E.L. Doctorow’s novel "Ragtime" makes for a first-class musical drama, thanks to Stephen Flaherty’s rag-inspired score and Lynn Ahrens’s poetic-but-functional lyrics.

The show has a massive plot and numerous characters, yet is easy to follow, is thoroughly enjoyable, and is ultimately profoundly touching.

Set in New Rochelle, N.Y., in the early 20th century, the story mixes real-life people and events with fictitious ones. Entertainer Harry Houdini, capitalist J.P. Morgan and anarchist Emma Goldman all play significant parts from the sidelines, representing the changing face of America.

Meanwhile, the story focuses on fictional characters who represent the same thing, and the musical style known as "ragtime" symbolizes change, modernization and a loss of isolated innocence. Ultra-white Father (Joseph Dellger) and prim Mother (Victoria Strong) live with their son, Little Boy (Ricky Ashley) in an ultra-white neighborhood, having little contact with the folks in Harlem or the dirt-poor Russian immigrants coming over by the boatload. When a black servant girl named Sarah (Lovena Fox) has a baby fathered by musician Coalhouse Walker (Lawrence Hamilton), the family takes her and the child in, eventually helping her to reconcile with Coalhouse.

Coalhouse and Sarah have a strong love, shattered when an act of racist cruelty leads to Sarah’s death. Coalhouse seeks revenge, and everyone’s lives are changed.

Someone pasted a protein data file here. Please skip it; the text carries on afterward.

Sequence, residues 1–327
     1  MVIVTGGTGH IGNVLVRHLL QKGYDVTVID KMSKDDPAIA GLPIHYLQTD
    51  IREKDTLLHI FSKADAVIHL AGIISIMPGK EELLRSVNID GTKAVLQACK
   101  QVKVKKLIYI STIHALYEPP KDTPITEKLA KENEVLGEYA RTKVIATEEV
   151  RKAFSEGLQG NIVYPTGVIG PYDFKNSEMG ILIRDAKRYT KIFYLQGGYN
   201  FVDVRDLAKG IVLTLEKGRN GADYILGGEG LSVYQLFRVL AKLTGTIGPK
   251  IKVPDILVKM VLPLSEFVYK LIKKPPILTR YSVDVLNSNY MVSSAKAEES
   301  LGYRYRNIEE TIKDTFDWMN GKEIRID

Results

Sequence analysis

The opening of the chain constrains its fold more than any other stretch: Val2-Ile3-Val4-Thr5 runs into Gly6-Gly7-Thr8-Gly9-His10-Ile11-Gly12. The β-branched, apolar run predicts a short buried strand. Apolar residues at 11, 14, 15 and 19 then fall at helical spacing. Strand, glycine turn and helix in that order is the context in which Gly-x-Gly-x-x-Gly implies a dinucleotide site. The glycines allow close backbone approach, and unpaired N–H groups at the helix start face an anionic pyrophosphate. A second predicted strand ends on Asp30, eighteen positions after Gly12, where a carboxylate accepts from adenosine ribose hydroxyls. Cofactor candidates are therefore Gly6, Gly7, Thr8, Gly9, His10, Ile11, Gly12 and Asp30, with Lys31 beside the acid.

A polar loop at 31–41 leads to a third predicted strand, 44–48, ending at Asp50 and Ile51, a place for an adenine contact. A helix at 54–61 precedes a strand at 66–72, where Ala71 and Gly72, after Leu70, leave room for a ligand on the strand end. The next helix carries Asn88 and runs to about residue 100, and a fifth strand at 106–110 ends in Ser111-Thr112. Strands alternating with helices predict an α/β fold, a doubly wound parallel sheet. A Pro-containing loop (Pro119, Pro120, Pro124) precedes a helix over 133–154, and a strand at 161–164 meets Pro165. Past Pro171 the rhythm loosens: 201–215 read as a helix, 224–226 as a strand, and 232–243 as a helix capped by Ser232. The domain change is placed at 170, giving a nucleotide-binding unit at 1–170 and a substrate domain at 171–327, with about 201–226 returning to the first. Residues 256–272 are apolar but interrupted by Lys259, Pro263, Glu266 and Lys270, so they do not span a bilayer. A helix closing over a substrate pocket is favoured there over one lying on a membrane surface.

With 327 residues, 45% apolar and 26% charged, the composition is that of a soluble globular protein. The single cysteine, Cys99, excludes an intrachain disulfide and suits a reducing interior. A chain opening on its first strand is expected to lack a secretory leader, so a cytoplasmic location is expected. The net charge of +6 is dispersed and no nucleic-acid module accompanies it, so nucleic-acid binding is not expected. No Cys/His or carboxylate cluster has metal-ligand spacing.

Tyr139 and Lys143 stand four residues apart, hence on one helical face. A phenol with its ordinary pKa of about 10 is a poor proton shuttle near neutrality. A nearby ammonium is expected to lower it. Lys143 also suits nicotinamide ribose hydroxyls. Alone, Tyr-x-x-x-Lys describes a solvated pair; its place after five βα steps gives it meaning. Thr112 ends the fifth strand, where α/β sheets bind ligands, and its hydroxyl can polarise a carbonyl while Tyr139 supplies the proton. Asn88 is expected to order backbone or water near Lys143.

Mother and her Younger Brother (Sam Samuelson) are particularly strong characters amidst the larger-than-life historical ones. Younger Brother is a rootless young man seeking his identity, and his pursuit of vaudeville performer Evelyn Nesbit (Jacqueline Bayne) is poignant and sad, as he tries to cling to anything he can in his ever-changing world.

Mother, meanwhile, is a remarkable figure, demure and wife-ish in her behavior, yet unafraid of the societal changes around them.

The cast is excellent, and the show is virtually flawless, from music to staging to the performances. It doesn’t have the flash of "Phantom" or the name recognition of "Les Miserables," but "Ragtime" is easily as good as either of them.

I almost decided not to see this show, but I'm glad I reconsidered. There wasn't a strong obligation to review it -- it only ran for a week and was in a Salt Lake City venue, which makes it secondary in importance for our Provo newspaper -- and I had listened to part of the soundtrack once and found myself unable to get into it. Fortunately, I went anyway, and now I love the soundtrack, having seen how it all works onstage and gaining a much greater appreciation for the music.